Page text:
Thinking about fonts one day, I decided that “Ironic Sans” would be a great name for a serif font. Maybe one day I’ll get around to actually designing it. In the meantime, I think it makes a good name for my blog.
You are reading all the entries posted to Ironic Sans in June 2010. If you are looking for something specific, you may try searching in the Ironic Sans archive.
Whenever I’m in the 42nd Street A/C/E station, I notice that the tile number 42’s along the wall look like consecutive frames of animation depicting a jumping or sinking number. There are similar tile 59’s at the 59th Street A/C/E station. They may appear elsewhere, too.
I still own two film cameras. One is a Mamiya medium format camera. The other is a 1950 Stereo Realist 35mm 3-D camera. I’ve been creating and consuming 3-D content since I was young, using every technique I could learn about, including some that most people have never seen. I’m a proponent of 3-D movies in theory, but am disappointed with most of the movies I’ve seen in the format’s current resurgence. I have so many thoughts on the matter — including why I’m fascinated by 3-D, where I’d like to see it go from here, and what I think of Roger Ebert’s (and others’) anti-3-D stance — that I’ve considered purging them all in one giant post. This is not that post.
This post is just about the single best 3-D entertainment experience I ever had. I enjoyed it in the comfort of my own home, and it didn’t cost very much money. After watching the home video game console companies show off their 3-D games at last week’s Electronic Entertainment Expo, I thought I’d write about it, because my best 3-D experience was with 3-D gaming.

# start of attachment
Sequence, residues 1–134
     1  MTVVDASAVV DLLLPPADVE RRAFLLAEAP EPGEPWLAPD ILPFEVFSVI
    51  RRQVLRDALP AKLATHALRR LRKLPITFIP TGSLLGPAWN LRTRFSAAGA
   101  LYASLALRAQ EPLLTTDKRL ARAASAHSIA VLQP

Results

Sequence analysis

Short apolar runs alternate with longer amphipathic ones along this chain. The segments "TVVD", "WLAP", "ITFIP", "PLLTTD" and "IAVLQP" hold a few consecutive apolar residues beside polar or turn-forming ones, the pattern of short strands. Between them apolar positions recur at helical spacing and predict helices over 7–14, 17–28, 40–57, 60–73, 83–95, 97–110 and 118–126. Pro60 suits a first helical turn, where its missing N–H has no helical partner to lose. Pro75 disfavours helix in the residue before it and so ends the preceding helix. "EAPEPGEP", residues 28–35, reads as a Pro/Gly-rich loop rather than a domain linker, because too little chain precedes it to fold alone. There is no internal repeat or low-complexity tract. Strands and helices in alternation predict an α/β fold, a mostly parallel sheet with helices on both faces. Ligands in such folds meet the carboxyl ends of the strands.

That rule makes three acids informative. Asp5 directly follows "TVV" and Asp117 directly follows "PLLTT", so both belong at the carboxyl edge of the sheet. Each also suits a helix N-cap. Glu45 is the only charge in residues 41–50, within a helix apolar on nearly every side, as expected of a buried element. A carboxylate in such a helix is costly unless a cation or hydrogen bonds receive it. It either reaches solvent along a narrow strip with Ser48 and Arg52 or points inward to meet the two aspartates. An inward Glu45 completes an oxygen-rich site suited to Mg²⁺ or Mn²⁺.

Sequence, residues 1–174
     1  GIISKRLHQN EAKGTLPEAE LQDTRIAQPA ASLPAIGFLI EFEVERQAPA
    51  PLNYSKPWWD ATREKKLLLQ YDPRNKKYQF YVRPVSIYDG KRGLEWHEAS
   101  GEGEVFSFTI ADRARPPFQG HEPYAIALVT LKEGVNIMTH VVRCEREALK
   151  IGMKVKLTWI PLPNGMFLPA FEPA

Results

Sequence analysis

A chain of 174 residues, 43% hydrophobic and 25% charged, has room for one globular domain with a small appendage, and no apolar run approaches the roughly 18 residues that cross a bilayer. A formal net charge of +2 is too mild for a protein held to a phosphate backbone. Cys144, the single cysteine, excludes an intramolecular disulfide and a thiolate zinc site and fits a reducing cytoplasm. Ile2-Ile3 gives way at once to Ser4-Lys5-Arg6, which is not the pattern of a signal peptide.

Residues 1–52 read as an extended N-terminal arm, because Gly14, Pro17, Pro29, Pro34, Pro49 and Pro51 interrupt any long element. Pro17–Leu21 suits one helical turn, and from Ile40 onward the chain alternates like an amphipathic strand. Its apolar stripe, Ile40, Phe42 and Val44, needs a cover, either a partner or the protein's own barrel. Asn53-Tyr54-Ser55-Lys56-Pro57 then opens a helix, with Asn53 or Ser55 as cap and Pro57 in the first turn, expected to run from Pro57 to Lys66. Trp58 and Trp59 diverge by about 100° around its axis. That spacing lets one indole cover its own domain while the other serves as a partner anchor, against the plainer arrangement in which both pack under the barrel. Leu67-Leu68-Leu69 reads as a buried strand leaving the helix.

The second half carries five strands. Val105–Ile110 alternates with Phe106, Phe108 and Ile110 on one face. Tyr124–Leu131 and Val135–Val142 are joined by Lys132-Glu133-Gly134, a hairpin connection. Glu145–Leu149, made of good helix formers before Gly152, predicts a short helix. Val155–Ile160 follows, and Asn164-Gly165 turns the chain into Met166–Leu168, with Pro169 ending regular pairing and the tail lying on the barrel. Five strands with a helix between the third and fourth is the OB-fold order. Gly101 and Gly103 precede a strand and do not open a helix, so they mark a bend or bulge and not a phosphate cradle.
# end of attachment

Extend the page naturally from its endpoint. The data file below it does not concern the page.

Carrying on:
Ten years ago, I purchased a pair of Elsa Revelator 3-D Glasses for the PC. It cost me $34. The glasses connected to the computer with a thin wire that ran to a pass-through plug between the graphics card and the monitor. Combined with special software, it could turn any existing hardware-accelerated game into a true 3D experience using active shutter technology.
A quick definition of active shutter technology: an liquid crystal lens over each eye flickers between clear and opaque in sync with images onscreen that are rendered slightly offset for each eye. As long as the monitor refreshes quickly enough, the flicker is not noticeable, although the screen appears a bit dim. Since each eye only sees images rendered for one perspective, the brain perceives the image as 3-D.